After I wrote my article yesterday in relation to what constitutes “friendly” websites, I thought it was time to perhaps give the Benjamin Lim case a little respite.
The family deserves the some time to grief without the constant media glare and given the importance of accountability as highlighted by this incident, it is vital that the public does not get fatigued by the constant deluge of reports on this and lose interest. Sometimes saying less is more.
However, this is a developing story with many angles. Just as I am about to lay my pen down, a new issue that I believe requires addressing arises.
The Straits Times has published an article headlined “The Online Citizen is now a one man show“. The article then proceeds to give an overview of how far the website has seemingly fallen. While the two incidents may well be unrelated, it seems to imply a forgone conclusion that the website is now on its last legs. The timing comes hot on the heels after Minister Shanmugam took it publicly to task.
Yet based on the number of “likes” on articles and comments posted on The Online Citizen’s (TOC) website, it would seem that it still attracts quite a number of readers. Why then is it presented as a forum that is about to meet its demise? Is the timing not a little curious?
Next, I read that the Media Development Authority (MDA) has requested for monies given to TOC by Monsoons Book Club over a year ago be returned. Perhaps it is coincidence but given the timing, it would appear that one after another, the government and all its affiliations have closed ranks against TOC, even if that is not the intention.
The Straits Times article also appears to be giving the impression that some of TOC‘s former editors may even agree with the remarks made by Minister Shanmugam.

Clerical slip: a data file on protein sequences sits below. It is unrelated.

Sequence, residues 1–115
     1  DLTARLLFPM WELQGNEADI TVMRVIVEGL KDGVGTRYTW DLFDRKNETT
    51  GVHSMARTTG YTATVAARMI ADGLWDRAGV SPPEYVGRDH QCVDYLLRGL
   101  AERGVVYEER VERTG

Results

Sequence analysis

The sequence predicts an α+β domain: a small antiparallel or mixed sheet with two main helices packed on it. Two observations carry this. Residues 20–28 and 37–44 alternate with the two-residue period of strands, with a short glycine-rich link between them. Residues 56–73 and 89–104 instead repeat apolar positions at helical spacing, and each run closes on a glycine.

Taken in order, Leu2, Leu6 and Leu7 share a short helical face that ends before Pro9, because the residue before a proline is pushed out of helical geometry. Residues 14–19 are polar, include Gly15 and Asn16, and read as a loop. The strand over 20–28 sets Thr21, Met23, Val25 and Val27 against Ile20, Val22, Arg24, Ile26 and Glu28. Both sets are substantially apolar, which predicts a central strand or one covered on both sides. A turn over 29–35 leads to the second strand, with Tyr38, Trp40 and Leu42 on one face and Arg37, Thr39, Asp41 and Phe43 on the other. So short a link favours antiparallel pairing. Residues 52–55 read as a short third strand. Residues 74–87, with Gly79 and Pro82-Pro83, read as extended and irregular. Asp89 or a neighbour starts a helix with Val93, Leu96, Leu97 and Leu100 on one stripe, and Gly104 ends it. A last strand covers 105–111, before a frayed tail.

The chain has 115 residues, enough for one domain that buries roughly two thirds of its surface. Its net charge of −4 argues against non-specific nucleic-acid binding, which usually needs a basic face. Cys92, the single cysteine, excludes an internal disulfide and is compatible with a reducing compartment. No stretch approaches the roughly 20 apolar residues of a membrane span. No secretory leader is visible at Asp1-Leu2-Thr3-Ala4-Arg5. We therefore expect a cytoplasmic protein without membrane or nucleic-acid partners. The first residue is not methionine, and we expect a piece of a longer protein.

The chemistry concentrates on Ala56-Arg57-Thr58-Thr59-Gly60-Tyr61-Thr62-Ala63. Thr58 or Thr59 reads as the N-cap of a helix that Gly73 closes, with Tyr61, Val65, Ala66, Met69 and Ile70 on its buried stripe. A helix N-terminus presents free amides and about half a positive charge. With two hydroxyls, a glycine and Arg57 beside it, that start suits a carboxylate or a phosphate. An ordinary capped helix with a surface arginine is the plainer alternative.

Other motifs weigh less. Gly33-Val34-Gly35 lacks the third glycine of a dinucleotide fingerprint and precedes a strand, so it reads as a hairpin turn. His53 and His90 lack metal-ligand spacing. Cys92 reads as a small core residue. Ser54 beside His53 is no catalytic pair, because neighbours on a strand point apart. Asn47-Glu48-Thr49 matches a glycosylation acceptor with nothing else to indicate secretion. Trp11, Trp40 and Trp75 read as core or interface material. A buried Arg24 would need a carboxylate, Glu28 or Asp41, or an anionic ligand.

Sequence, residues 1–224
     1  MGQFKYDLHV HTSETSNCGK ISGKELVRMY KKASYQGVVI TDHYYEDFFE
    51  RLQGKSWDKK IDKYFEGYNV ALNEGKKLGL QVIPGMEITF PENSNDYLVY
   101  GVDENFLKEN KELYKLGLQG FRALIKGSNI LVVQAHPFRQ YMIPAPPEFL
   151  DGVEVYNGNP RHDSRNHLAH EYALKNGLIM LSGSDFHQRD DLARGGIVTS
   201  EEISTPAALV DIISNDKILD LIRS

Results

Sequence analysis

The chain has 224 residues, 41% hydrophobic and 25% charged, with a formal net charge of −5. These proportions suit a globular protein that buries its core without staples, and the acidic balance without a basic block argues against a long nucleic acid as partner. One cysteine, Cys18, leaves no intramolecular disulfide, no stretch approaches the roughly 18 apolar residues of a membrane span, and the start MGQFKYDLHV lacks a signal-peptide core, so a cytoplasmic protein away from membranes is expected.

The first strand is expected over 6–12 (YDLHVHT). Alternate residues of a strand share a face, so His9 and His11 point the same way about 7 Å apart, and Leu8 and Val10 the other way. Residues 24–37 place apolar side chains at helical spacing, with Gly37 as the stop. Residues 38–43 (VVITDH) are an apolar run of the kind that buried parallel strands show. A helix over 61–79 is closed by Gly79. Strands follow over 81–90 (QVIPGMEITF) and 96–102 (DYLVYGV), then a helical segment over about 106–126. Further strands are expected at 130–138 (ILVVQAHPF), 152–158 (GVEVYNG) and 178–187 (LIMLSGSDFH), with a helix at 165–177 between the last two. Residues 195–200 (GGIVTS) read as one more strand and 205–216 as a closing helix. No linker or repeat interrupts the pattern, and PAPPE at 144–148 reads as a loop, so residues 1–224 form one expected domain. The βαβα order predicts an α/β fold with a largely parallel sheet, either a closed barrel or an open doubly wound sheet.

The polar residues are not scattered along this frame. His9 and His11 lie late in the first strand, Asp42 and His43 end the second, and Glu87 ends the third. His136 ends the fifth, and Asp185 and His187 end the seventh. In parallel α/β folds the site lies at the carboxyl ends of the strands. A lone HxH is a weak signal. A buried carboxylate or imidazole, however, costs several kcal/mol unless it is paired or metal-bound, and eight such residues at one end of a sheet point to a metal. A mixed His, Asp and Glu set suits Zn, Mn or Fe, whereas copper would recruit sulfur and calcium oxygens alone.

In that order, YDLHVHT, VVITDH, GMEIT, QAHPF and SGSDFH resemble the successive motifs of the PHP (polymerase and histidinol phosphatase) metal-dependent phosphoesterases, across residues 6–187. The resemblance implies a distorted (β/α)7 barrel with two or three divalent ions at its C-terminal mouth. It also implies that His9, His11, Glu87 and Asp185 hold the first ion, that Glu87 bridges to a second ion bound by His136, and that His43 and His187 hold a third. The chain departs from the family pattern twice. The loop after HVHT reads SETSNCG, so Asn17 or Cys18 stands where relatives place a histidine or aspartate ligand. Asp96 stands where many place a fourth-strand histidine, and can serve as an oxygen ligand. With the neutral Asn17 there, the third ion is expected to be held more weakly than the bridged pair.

“Former TOC editors are split over Mr Shanmugam’s comments.
Mr Philemon said there was a need for “appropriate moderation” and fairness in any commentaries that are published.
But Mr Choo and Mr Lee said Mr Xu had done his best to get all sides of the story and tried to seek comments from the Government.”
I don’t see how Mr Philemon, Mr Choo and Mr Lee are split over Mr Shanmugam’s comments. From the quotations, I think that all the comments are pointed at the right direction – that it is important to present all sides fairly. How is that a split? It just appears like a weak attempt by The Straits Times to present TOC as a failing website whose own former editors are now also criticising when that is not the case? Well, not from the quotations any way.
More importantly, who decides that a website is no longer relevant? Is it the government, newspapers or the readers?
While I am sorry to once again have to invoke Benjamin’s name, it would appear that his death has highlighted so many important issues, chief of which are accountability and the limits to state power. Clearly, the Lim family wants some transparency too.